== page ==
My brother and I have been teaching ourselves ASL, and we’re going to play all our scenarios in chronological order. Don’t read this for great tactical insights, as we’re still very much neophytes. For our previous battles, see here.
Summer Cleaning, 21 June 1942.
How 1942 does fly! We didn’t have a single scenario between January and the end of June. Looking at my collection of scenarios we have downloaded but can’t play due to lack of components, it looks like this ASL-scenario lull is happening on all fronts. Interesting. Hey, HEAT has reached the front, though. Almost makes me wish I were facing tanks.
This is another Tactiques scenario following the exploits of the Spanish Azul division, this time mopping up a pocket of Soviets. My task is to inflict twice as many CVP on the Russians as he does on me, and at least 8. The Soviets have a mixed force of 7-morale troops, a handful of SW, a couple of HIP squads, and a bunch of trenches, foxholes, and mines.
Against this I have a slight numerical advantage, 16-13; I have a pronounced advantage in SW; I have an 8-morale OB; I have a pretty long time, 8 turns. I’m feeling pretty confident, and according to ROAR the Spanish have a 10-2 advantage. Maybe we should have given my brother the balance. Oh well.
Here’s what I see after the Soviets setup. I can’t see his fortification yet, but presumably the units in open ground across the stream and in Y7 are actually dug-in. At any rate, I’ll get to see them all after my setup but before I have to attack.
That defensive line looks like a tough position: dug in, plenty of open ground in front, a stream to cross before you can close in close combat. I’m glad that I don’t need to take it. Instead I plan on pushing straight up the road along hexrow Y, getting into the woods behind his fortified line, then pounding it from two sides with artillery and kill stacks until I get my 8 CVP. Possibly that’s what my brother wants me to do: who knows where those mines are? I’m not going to spend a lot of time worrying about mines, though. I’ll search a time or two, and maybe when I break those front-line units in Y7 and W7, I’ll let them retreat and show me where some mines aren’t. But in all, I plan on crossing those minefields when I come to them.
My first worry is his mortar, which has the potential to be extremely obnoxious as I work my way through the woods around his position. My AT guns will serve in a counter-battery role until this mortar is eliminated. My light mortars will attack any Russian forces in woods hexes, starting with CC6. Also on my left are an extra half-squad to take over should any of the mortar half-squads break, a leader to rally any broken units, and an extra squad to help manhandle the guns. My brother has set up quite far forward, so I don’t expect to move the guns more than a hex or two, so I’ll be manhandling them rather than towing. In view of this, I’ve left the whatever-the-German-equivalents-of-Jeeps-are-called tucked away safely out of sight.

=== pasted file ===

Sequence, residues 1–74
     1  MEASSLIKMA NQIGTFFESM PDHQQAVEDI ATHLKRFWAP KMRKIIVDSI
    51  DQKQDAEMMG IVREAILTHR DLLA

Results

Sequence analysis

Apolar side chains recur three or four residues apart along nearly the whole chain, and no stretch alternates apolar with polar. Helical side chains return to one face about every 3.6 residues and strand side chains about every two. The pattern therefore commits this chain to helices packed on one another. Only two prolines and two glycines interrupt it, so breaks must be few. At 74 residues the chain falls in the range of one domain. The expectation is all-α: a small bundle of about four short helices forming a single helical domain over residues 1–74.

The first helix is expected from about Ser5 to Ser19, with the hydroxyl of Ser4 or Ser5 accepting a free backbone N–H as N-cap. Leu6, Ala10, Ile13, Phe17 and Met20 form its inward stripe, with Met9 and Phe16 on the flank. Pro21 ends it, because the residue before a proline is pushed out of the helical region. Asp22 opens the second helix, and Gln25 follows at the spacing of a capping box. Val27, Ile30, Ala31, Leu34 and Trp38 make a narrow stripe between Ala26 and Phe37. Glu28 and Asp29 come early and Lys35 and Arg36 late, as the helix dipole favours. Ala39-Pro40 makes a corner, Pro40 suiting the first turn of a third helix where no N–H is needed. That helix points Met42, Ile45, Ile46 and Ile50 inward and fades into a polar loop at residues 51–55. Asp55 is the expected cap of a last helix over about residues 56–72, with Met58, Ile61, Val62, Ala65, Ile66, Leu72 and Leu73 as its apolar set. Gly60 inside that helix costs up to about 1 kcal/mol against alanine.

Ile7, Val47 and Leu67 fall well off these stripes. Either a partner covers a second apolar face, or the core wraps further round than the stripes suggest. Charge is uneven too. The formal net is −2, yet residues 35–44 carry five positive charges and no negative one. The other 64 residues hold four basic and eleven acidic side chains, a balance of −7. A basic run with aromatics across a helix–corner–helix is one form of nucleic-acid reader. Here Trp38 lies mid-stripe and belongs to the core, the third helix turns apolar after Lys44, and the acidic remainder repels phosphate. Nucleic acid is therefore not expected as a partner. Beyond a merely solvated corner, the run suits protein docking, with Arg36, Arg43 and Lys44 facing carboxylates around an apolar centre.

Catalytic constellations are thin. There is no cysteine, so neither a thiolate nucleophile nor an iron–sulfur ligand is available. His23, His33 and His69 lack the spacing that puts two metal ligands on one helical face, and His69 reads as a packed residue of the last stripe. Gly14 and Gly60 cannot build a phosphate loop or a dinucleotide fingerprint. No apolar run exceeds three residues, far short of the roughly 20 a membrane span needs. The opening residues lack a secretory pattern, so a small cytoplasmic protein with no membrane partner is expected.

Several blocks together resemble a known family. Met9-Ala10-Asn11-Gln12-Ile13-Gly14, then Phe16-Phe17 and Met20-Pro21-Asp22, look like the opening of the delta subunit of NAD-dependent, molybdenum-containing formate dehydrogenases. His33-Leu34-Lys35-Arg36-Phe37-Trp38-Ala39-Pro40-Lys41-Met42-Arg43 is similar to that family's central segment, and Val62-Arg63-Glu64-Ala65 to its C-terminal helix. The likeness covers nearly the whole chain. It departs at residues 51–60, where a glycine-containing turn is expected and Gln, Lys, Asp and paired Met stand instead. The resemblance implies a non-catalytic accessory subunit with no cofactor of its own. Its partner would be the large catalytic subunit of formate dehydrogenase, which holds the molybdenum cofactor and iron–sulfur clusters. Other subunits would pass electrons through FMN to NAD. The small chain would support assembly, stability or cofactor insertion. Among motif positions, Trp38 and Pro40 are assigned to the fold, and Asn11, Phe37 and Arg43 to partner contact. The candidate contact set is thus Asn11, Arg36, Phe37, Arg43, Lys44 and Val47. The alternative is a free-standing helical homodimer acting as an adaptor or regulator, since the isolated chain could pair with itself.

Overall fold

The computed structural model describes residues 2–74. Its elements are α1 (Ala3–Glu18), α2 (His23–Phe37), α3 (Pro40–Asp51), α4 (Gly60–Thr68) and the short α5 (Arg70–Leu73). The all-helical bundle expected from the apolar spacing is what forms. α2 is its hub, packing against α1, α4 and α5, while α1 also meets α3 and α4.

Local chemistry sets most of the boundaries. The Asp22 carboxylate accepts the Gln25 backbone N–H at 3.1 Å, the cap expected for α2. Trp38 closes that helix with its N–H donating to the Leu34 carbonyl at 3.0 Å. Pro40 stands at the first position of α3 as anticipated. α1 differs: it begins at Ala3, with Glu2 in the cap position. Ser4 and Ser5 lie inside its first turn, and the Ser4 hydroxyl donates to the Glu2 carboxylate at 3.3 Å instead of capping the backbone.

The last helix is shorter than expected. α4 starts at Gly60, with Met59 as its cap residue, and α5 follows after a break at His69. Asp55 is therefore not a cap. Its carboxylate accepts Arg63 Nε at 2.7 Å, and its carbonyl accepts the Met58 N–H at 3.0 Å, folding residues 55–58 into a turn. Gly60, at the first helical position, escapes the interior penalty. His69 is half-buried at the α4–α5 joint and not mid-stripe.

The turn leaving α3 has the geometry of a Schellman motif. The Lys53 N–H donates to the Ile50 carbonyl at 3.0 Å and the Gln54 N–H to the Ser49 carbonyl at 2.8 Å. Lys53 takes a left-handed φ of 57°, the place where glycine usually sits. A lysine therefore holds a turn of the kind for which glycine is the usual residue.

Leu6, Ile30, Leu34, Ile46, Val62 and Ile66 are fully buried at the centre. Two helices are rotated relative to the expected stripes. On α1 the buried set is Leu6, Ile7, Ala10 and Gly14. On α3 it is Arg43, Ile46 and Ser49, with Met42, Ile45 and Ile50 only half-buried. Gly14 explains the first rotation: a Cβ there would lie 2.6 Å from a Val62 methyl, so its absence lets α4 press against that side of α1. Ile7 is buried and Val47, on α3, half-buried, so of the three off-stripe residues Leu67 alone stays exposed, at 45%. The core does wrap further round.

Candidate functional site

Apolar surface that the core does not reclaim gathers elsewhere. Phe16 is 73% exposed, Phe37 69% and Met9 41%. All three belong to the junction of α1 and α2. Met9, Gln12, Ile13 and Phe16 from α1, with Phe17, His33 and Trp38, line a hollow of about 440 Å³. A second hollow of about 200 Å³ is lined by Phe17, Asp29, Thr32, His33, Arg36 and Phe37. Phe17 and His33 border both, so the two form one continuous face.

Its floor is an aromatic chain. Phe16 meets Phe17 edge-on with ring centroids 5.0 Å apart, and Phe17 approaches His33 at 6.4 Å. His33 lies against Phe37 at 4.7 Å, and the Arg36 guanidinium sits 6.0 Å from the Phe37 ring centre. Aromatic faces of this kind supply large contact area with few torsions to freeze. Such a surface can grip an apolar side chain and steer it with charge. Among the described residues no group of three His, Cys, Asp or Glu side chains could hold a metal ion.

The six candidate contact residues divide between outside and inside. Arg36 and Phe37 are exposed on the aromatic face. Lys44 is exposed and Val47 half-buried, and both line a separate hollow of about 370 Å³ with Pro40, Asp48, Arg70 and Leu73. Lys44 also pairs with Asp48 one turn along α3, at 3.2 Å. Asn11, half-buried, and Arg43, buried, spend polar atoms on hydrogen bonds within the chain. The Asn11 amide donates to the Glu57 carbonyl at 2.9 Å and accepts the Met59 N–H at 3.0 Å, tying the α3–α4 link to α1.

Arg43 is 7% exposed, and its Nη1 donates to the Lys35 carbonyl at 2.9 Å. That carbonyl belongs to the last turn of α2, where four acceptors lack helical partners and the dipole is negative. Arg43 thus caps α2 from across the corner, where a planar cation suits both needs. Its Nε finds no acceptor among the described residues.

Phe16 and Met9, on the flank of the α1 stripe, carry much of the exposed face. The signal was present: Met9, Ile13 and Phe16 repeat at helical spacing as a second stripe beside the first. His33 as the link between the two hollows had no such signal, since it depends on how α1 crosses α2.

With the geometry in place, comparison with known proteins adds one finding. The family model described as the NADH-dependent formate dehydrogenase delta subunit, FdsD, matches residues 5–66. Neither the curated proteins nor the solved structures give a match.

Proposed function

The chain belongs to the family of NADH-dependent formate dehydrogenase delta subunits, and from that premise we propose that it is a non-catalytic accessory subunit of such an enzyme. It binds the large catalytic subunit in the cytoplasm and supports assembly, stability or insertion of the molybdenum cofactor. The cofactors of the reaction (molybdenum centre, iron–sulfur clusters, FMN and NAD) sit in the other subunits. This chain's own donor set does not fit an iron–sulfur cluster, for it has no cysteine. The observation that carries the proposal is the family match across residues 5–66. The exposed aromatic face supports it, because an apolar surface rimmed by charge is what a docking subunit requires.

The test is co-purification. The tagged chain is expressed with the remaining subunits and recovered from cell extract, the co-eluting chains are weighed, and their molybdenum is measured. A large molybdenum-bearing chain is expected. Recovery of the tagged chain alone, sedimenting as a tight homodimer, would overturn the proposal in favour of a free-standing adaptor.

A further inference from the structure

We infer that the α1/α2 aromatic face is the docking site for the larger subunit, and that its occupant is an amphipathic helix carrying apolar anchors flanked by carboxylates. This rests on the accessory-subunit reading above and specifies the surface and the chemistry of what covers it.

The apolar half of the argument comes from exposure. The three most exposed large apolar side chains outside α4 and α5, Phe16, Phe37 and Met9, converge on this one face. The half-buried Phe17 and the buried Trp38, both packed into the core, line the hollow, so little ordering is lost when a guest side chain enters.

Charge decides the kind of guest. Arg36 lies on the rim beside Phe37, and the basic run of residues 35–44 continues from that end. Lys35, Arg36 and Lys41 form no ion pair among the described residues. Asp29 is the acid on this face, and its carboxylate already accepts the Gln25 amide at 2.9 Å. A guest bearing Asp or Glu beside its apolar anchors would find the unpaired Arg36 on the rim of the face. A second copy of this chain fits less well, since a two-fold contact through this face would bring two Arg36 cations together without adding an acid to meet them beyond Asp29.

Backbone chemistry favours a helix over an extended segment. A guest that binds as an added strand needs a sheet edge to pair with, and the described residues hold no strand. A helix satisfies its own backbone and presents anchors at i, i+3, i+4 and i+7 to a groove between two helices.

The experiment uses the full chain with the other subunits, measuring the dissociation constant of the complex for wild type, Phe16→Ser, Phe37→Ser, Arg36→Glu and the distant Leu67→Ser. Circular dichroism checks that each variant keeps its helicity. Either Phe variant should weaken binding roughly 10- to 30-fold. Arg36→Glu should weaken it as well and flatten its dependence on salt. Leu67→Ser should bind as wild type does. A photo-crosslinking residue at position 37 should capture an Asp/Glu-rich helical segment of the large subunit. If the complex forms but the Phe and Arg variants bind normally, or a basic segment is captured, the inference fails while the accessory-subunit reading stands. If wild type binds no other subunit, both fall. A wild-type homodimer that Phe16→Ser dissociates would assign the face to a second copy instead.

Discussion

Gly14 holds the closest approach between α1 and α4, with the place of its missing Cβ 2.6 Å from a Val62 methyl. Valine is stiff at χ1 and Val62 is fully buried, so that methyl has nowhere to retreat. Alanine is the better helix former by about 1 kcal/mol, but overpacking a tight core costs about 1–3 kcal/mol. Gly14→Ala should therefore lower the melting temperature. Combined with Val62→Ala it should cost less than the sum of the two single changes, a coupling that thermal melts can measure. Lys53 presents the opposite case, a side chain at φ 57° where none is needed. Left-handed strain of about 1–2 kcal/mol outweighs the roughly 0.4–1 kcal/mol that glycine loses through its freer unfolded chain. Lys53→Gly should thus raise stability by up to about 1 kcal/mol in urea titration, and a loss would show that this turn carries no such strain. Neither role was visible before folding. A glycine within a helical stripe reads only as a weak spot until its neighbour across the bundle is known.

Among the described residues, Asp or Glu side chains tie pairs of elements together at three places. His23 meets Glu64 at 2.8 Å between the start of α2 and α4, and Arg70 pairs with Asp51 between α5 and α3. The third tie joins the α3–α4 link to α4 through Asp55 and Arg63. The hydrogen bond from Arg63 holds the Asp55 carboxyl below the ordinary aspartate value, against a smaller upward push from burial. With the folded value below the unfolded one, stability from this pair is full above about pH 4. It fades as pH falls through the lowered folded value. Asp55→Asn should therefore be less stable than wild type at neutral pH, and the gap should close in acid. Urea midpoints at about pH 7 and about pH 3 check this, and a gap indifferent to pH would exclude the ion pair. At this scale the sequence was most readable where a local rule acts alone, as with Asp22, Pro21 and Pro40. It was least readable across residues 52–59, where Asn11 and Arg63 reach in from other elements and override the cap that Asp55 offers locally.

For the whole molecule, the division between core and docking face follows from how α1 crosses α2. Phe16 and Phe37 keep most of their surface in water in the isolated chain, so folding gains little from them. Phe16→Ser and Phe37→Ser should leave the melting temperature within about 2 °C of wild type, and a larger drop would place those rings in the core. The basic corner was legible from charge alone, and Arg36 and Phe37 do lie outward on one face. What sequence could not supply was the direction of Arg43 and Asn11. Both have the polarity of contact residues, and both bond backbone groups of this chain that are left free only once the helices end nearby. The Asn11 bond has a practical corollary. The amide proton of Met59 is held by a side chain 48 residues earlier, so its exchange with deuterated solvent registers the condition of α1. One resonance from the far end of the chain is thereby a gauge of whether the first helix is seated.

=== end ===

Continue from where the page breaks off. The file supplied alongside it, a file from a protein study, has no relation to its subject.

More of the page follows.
Most of my infantry is on my right. The MMGs and LMGs are in W4/X4 to create a kill stack, and the rest will swarm the W7 and Y7 Russians, the push north. A platoon in T4 will try to outflank those guys. I expect to lose some guys in the process, but since I need a minimum of 8 CVP, I figure that I can afford to lose two squads vaporized entirely.
End of Game:
I’m not going to give a full write-up for this one, because this only lasted two and a half turns before the Russians conceded. I think that my brother lost this one in the setup—we both decided that he should have tried falling back through the woods rather than making a stand like he did. My AT guns and their 3 ROF were just too powerful, and tore the entrenched units to shreds, while he just couldn’t kill enough of my flanking force. By turn 3 I had already accumulated the 8 CVP I needed, and was advancing very cautiously, with lots of searching, and it was clear wherever his mines were, I wasn’t going to fall prey to them, so he conceded. Also, we were both eager move on to the next scenario. 1942 has gone very quickly. The next time you hear from us, it will be from downtown Stalingrad.
- Last edited Wed Apr 8, 2015 3:02 pm (Total Number of Edits: 2)
- Posted Tue Mar 10, 2015 12:57 am
I think that my brother lost this one in the setup—we both decided that he should have tried falling back through the woods rather than making a stand like he did. My AT guns and their 3 ROF were just too powerful, and tore the entrenched units to shreds, while he just couldn’t kill enough of my flanking force.
I do think his defensive line was a mistake, given that he had to man it at least partly with 5-2-7s. Your 6-range Germans could shoot them up without even being in their long range. Never a tenable position, and here he couldn't even skulk.
And yeah, we learned by playing the Stalingrad HASLs that those German 50Ls and their Russian 45L counterparts are really nasty anti-infantry weapons, depending of course on how well the ROF rolls go. In some ways they're more valuable than a HMG!
In view of this, I’ve left the whatever-the-German-equivalents-of-Jeeps-are-called tucked away safely out of sight.
They were called "Kubelwagens". Not sure offhand whether there's an umlaut on the u or not.